Shiga toxin-associated HUS (Stx HUS)

The term Stx HUS is more precise than D+, typical or post-diarrheal HUS. Stx HUS follows infection with shiga toxin-producing bacteria that include Escherichia coli (STEC) and Shigella dysenteriae type 1. Stx HUS is a post-infectious, multi-system syndrome defined by acute onset of hemolytic anemia with fragmented erythrocytes, thrombo­cytopenia and renal injury. [1]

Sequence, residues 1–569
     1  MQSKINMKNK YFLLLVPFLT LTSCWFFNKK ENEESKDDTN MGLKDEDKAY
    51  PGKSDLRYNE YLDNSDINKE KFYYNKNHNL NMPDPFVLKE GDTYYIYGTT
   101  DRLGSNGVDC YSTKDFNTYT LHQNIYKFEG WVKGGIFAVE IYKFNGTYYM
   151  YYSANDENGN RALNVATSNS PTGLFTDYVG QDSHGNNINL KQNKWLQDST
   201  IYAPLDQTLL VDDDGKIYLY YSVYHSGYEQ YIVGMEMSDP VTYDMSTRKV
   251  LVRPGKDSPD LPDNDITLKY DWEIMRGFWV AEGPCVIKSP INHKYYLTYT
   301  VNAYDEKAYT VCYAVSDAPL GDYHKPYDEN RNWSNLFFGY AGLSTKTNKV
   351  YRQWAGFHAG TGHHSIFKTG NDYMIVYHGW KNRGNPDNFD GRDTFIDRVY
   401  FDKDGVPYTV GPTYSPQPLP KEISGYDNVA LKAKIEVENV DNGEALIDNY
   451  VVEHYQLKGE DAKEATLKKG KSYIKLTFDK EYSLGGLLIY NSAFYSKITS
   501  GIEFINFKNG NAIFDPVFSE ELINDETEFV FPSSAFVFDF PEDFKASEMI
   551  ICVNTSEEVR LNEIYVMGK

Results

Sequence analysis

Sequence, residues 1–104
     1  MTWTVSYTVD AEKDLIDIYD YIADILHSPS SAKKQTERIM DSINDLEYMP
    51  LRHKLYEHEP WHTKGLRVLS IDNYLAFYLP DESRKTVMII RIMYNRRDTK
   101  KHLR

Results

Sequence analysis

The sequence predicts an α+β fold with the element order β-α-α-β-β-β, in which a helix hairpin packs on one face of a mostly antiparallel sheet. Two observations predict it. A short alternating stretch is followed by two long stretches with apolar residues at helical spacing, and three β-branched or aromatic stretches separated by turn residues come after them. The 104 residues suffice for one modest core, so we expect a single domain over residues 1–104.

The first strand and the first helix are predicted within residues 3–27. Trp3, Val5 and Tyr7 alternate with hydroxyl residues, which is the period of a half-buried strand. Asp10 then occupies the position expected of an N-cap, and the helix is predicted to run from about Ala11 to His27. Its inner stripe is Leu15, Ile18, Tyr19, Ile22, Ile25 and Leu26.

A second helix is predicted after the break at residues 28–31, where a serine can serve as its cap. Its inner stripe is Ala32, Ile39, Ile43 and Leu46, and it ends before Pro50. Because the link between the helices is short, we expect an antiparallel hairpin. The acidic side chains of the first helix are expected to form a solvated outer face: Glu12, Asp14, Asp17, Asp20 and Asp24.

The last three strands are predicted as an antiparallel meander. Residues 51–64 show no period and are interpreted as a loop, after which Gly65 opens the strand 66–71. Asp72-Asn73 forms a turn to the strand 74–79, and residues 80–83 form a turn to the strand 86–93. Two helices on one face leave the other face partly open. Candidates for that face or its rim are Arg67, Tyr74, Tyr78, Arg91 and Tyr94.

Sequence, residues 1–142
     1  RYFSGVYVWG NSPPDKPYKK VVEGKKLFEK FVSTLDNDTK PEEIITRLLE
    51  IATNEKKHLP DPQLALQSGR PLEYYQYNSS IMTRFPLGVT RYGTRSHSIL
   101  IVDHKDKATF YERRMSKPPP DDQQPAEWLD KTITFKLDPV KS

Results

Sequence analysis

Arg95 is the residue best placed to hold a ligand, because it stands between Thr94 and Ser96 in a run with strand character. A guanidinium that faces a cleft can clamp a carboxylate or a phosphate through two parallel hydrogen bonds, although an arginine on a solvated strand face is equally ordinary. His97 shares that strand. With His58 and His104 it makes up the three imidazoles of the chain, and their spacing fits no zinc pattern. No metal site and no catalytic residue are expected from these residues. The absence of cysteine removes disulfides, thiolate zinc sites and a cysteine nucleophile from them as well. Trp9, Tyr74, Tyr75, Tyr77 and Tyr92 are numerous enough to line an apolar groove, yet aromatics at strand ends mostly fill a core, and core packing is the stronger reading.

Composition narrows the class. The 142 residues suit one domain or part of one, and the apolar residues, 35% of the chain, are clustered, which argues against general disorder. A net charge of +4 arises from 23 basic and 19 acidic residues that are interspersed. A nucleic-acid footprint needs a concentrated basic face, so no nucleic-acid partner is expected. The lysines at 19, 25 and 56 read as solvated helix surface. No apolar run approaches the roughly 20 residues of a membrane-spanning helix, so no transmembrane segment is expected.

There is still an unfortunate inclination on the part of nephrologists and hematologists in internal medicine to 'diagnose' TTP in adult patients who have Stx HUS. Any patient, who develops acute onset of hemolytic anemia with fragmented erythro­cytes, thrombocytopenia and renal injury, following an episode of bloody diarrhea, whether a child or an adult, whether there is a fever or not, and whether or not there is central nervous system involvement, has HUS and not TTP. This cannot be stressed strongly enough because of the implications for treatment and prognosis.